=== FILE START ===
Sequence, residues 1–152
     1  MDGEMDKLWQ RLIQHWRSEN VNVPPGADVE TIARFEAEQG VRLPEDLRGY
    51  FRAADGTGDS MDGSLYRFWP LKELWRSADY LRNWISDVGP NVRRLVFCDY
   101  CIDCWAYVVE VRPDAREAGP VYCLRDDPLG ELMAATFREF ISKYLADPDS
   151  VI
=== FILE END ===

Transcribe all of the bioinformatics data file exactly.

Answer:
Sequence, residues 1–152
     1  MDGEMDKLWQ RLIQHWRSEN VNVPPGADVE TIARFEAEQG VRLPEDLRGY
    51  FRAADGTGDS MDGSLYRFWP LKELWRSADY LRNWISDVGP NVRRLVFCDY
   101  CIDCWAYVVE VRPDAREAGP VYCLRDDPLG ELMAATFREF ISKYLADPDS
   151  VI